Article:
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socrateaser, Attorney
Category: Bankruptcy Law
Satisfied Customers: 37816
Experience:  Attorney and Real Estate Broker -- Retired (mostly)
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I am the CEO of a company (S Corp State of California) that

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I am the CEO of a company (S Corp State of California) that has filed Chapter 7. A breach of contract with a supplier caused my companies collapse therefore my company has a lawsuit against the supplier. We are expecting to win or settle the case therefore it would result in my company becoming solvent. Is it possible for a company who files bankruptcy and after the lawsuit, which is currently owned by the Trustee, to continue business under the same name, tax id number, etc. or do I have to start over with a new name once this is over.
Submitted: 6 years ago.
Category: Bankruptcy Law
Expert:  socrateaser replied 6 years ago.

Re your current question, a Chapter 7 transfers all legal and equitable rights in the filing organization to the bankruptcy trustee for the benefit of the unsecured creditors. The trustee's obligation is to "administrate" the estate. This means that the trustee must sell all of the assets and attempt to pay all of the liabilities. Once this is done to the extent the trustee deems possible, the trustee closes the case -- at which point, whatever assets that are not administrated, are abandoned to the petitioner -- in this case, the corporation.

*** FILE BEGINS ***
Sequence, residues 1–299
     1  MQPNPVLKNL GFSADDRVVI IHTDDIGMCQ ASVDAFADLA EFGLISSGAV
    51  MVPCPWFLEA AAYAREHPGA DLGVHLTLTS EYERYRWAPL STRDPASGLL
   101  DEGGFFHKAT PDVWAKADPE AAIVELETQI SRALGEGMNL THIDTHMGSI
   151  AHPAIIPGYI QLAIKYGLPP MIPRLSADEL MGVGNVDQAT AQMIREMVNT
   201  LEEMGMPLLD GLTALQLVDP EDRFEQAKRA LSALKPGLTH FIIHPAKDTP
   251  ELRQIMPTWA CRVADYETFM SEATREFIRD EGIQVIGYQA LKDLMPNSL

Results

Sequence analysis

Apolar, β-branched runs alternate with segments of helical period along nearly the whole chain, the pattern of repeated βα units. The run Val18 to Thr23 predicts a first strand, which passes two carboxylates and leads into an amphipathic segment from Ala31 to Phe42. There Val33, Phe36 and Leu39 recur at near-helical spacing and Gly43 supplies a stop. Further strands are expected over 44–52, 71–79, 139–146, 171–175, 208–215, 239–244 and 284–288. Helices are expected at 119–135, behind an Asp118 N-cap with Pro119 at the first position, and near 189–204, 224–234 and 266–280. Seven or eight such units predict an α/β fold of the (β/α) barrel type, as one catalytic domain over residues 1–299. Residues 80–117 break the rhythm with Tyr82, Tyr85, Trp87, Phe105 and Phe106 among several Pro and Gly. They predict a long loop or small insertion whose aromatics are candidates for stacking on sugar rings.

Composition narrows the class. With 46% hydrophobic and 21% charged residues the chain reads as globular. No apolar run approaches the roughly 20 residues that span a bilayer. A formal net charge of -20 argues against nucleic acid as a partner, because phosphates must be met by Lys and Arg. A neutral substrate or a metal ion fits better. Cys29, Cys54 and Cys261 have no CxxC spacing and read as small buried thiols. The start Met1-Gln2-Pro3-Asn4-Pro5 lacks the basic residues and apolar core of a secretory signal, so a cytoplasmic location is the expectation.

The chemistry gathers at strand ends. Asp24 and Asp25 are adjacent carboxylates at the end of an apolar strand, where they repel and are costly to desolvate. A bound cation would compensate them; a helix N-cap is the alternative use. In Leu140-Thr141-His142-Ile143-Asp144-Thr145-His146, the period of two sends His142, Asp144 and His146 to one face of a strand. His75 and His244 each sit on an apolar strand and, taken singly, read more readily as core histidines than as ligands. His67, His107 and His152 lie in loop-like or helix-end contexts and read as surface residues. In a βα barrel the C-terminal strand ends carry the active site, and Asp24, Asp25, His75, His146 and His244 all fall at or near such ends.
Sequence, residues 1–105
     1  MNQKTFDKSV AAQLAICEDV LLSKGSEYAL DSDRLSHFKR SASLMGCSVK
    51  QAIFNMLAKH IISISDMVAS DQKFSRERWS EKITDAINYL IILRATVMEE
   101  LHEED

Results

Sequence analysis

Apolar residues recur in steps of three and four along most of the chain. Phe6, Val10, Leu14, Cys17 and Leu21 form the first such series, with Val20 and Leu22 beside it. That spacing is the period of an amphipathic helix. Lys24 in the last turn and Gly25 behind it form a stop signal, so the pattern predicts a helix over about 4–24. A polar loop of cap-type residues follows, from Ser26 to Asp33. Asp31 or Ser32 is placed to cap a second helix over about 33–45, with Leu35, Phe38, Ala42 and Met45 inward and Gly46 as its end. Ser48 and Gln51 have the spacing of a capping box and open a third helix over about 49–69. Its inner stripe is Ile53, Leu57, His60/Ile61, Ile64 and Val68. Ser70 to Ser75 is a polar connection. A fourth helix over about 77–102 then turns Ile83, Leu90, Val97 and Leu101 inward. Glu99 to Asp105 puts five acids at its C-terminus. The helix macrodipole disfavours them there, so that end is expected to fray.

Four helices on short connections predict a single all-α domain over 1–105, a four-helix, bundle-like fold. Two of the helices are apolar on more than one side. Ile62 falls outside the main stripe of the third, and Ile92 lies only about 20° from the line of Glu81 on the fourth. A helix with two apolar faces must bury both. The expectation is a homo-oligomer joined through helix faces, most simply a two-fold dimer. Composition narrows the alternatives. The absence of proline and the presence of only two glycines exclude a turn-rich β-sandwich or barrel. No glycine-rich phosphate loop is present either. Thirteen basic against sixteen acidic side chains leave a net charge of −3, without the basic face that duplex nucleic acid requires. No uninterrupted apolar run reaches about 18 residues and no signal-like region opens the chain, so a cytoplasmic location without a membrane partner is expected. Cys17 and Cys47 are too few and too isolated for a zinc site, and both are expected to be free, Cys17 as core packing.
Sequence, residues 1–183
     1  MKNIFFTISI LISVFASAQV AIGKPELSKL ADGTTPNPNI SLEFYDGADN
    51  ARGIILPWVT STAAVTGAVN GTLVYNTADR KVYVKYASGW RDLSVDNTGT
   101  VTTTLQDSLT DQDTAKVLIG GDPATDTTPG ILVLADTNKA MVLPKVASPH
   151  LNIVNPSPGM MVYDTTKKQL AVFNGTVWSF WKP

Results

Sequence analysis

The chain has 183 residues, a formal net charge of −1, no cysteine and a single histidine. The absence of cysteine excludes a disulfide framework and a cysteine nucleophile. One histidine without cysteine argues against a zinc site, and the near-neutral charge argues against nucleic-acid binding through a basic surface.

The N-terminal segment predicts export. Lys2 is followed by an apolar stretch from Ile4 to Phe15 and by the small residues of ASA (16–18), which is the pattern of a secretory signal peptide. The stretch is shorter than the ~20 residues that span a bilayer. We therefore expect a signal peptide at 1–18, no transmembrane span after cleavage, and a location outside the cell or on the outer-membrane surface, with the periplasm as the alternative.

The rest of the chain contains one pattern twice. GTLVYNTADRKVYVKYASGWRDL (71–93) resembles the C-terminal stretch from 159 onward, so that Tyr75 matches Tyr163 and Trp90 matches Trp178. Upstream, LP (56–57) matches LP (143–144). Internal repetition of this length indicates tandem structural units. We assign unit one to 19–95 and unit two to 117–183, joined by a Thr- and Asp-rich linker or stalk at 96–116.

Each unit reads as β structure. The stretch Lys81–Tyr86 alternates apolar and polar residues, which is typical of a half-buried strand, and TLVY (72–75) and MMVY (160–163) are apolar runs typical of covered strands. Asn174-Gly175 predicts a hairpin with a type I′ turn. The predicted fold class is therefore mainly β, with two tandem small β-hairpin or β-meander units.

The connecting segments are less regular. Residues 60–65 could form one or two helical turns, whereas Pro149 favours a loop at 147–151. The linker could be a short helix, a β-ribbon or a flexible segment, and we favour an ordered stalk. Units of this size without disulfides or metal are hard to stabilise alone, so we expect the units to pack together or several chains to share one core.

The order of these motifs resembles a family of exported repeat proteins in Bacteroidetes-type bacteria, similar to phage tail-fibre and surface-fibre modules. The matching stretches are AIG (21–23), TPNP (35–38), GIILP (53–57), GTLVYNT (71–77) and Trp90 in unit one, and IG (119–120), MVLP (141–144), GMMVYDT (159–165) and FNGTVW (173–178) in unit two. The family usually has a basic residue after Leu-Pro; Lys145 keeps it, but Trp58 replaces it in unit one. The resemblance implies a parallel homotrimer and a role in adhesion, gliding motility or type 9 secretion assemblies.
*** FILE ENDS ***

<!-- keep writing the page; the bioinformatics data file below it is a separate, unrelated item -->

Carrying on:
You are entitled, as is anyone else, to offer to purchase the shares of the corporation from the trustee and continue to operate the business. It's simply a negotiation between you and the trustee. You are clearly the most likely purchaser, unless the business is of the sort than can be easily operated by others (e.g., gas station, liquor store, etc.).


Note: California law is much more complex than the law of any other state jurisdiction. I do not have time to review the answers to your previous questions -- however, it is my general observation that non-California attorneys in this venue routinely misinterpret California law -- mainly because I find myself just as routinely having to correct such misinterpretations when answering subsequent questions from Californa customers who receive incorrect answers from non-California lawyers. You may want to consider requesting answers only from members of the State Bar of California, when asking questions concerning California law.


Hope this helps.


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